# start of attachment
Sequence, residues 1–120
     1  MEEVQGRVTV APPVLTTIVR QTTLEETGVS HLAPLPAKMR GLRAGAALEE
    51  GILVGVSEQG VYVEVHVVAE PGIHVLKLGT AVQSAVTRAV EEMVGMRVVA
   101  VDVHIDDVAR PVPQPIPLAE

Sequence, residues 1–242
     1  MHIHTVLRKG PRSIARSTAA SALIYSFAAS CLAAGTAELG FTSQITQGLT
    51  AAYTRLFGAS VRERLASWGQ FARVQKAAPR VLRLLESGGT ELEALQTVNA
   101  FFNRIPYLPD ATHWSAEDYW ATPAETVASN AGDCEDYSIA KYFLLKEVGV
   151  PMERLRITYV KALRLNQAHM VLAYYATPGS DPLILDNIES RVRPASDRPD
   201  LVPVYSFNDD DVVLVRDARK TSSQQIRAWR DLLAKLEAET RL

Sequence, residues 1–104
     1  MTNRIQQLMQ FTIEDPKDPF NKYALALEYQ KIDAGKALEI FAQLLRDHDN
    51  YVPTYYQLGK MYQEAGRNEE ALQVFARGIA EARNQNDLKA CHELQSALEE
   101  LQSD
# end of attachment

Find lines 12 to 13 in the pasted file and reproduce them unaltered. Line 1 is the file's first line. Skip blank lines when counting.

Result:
     1  MTNRIQQLMQ FTIEDPKDPF NKYALALEYQ KIDAGKALEI FAQLLRDHDN
    51  YVPTYYQLGK MYQEAGRNEE ALQVFARGIA EARNQNDLKA CHELQSALEE